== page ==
I entered l'enfant' which was incorrect because I used the definite article yet the Oops message said pay attention to the gender. Did I not, at least, get the gender correct, what am I missing?
Yes, you got the gender right. Both "The (female) child" and "The (male) child" would be L'enfant.
A child (male) = un enfant
A child (female)= une enfant
I think that it is un or une. I put une it said that as well as un was right
Nouns in French have a male version and a female version. For example, dog: un chien (male dog), une chienne (female dog). "Enfant" is speaking of a child in generally. It isn't "le or la" because it says "A child," not, "The child." Also, it cannot be "Une enfant," because that'd be grammatically incorrect due to the ending of 'une' with a vowel as well as 'enfant' beginning with a vowel. For example: mon amie. 'Amie' is female for friend, but 'mon' is 'my' in its male version. It can't be 'Ma amie' because of the vowels.
In my opinion 'mon amie' is a completely different case. Nouns starting with a vowel can have a feminine indefinite article - just think about 'une orange' as an example right in this lesson. French language in general prefers masculine articles, if the gender of the given noun is not specified. Moreover they use 'le professeur' even for feminine teachers. I hope I made my point :)
Hello dearvaleriexo. That's not correct.
- Une enfant = A child (female)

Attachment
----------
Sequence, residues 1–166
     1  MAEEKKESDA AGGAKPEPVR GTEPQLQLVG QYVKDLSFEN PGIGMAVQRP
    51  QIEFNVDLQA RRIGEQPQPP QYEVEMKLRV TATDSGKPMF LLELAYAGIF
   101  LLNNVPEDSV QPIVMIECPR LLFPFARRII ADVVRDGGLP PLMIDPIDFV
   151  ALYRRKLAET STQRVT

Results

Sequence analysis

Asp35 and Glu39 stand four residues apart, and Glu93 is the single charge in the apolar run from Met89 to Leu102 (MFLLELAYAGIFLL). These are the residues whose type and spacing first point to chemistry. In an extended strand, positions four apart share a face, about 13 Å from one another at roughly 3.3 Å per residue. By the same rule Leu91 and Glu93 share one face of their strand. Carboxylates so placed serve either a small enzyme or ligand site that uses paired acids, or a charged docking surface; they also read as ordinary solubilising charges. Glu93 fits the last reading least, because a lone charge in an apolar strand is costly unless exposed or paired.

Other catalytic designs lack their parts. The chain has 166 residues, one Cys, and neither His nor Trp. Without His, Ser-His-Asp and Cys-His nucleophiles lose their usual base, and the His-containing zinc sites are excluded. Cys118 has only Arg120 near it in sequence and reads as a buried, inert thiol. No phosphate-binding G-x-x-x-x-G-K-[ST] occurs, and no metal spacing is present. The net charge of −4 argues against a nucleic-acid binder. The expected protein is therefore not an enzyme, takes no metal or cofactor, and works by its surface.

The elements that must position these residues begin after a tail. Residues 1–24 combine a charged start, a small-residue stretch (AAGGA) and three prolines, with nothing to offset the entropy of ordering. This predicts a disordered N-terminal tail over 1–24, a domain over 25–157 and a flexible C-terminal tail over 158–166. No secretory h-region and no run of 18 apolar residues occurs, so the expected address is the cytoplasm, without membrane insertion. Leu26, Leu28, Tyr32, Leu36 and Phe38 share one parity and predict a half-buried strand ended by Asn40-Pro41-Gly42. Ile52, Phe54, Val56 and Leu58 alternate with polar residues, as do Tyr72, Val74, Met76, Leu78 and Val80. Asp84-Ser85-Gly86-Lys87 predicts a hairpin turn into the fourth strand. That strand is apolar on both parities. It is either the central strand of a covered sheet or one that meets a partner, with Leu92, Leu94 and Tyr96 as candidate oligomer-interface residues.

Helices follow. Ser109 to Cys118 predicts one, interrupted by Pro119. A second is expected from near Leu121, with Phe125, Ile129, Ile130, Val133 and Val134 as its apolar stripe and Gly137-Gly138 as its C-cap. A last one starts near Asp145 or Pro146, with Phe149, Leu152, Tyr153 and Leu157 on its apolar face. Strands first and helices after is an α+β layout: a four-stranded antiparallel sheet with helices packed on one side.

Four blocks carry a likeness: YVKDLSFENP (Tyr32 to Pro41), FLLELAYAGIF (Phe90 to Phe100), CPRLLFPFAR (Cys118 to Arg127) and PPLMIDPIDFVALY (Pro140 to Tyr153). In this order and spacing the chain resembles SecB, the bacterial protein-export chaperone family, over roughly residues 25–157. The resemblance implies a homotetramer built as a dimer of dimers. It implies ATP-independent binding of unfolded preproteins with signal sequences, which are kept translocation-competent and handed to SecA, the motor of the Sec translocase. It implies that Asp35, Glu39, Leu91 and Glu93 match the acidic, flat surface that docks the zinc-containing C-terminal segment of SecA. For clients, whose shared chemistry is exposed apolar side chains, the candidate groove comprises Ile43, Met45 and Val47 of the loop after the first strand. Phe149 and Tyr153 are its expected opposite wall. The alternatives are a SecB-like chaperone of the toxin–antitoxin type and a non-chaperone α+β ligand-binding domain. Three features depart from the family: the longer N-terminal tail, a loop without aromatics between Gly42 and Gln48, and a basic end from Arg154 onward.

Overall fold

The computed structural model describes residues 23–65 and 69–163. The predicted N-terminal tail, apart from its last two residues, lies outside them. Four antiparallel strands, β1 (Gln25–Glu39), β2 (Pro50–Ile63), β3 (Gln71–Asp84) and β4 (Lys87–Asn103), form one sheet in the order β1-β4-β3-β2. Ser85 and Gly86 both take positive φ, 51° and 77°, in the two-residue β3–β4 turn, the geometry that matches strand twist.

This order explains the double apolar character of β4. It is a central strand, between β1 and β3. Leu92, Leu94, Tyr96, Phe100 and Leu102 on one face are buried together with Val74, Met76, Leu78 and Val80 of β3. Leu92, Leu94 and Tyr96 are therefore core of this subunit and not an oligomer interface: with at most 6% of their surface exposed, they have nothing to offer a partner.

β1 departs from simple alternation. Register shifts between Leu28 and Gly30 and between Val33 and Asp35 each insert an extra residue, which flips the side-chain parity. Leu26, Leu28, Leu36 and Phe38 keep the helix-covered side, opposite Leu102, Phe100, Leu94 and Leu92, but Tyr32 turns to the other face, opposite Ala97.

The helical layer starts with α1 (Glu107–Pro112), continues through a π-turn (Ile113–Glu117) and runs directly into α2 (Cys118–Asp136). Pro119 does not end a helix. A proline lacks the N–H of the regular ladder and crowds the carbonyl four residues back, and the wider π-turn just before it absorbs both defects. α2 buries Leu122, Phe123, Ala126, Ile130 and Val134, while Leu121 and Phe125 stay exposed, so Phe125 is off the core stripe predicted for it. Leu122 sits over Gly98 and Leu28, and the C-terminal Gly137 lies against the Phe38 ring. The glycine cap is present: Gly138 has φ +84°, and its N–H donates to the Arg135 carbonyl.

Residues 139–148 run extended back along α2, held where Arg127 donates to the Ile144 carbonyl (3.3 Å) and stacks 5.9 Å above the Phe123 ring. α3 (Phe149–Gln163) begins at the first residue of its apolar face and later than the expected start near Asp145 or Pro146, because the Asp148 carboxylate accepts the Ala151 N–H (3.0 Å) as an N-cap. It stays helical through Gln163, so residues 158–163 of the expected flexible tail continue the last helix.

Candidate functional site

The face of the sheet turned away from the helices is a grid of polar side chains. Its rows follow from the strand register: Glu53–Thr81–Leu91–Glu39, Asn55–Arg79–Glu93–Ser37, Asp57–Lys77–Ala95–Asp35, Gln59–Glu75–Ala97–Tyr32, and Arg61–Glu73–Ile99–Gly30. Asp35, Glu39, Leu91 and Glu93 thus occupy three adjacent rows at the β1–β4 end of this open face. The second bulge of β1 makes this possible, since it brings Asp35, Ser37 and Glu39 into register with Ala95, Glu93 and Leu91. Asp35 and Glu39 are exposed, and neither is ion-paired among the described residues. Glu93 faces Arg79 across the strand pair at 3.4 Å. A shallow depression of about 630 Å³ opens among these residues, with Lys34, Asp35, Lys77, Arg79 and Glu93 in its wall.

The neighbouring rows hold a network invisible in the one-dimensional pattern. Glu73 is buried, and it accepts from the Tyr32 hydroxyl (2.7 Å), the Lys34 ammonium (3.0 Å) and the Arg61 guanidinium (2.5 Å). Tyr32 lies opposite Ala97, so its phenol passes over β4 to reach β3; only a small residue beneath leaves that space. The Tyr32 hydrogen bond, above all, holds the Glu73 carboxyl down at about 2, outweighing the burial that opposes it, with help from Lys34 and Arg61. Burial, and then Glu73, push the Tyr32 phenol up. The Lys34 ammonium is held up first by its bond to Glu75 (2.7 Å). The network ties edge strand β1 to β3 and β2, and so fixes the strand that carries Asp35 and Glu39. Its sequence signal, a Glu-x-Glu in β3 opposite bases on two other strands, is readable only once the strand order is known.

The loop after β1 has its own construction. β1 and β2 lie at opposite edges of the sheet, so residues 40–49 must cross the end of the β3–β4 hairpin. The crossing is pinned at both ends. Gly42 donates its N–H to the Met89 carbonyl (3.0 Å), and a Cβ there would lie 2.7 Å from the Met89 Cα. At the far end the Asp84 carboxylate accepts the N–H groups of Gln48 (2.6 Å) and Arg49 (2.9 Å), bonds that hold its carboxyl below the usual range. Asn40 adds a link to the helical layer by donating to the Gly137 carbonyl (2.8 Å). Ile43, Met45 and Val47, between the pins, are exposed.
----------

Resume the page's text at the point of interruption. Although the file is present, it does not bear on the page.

- Un enfant = A child (male)
- L'enfant = The child (either male or female)
dearvaleriexo- I don't know where you saw this rule of yours. I'm a native and I can tell you that un enfant et une enfant are correct.. Look in a dictionnary and you'll see that ENFANT is a masculine and feminine noun. With your exemple with mon amie, you're right, because as you say , of the 2 vowels. This rule doesn't apply here, and I'll tell you why. Amie and ami are different, but enfant doesn't have 2 manners to write is un or une enfant is always written the same way. This is complicated to esplain this because English isn't my first language. There are many words like ENFANT which are written the same for both genders, thore are things that you have to learn, because there are many exc eptions for the rules.
niki117- that was correct because here there wasn't a context. In that case both answers are correct
No. They are two homonyms, one being male and one being female. It can be seen from their agreement with adjectives. The neutral gender does not exist in French, unlike German or Slavic languages
I don't understand why un and une are both acceptable. Aren't they gender specific, or is it because "un enfant" can be a boy OR a girl?
We say un enfant (it includes female and mal) and same for bebe we say un bebe not une bebe
volatileswag- Without context, both are correct. Same thing when we talk about a person/ une personne, both man and woman are a person.
khushbul- Of course you can, because we don't know the context, but when you know the sex of the child, you have to use the correct artic le.
Does "l'enfant" stay the same and come with the same indefinite article when the child is a girl, or is it "l'enfante/une enfante"?
So anoying i wish this did not happen please help me with spelling.if you do type a comient to help me out with this
I always thought that "Un enfant" meant "A baby" for some reason. Boy, was I wrong. :)
When I started French and I did Basics 1, I thought I knew what enfant meant. Because in the USA, infant means baby, so when Duolingo marked me wrong, I then found out what enfant meant!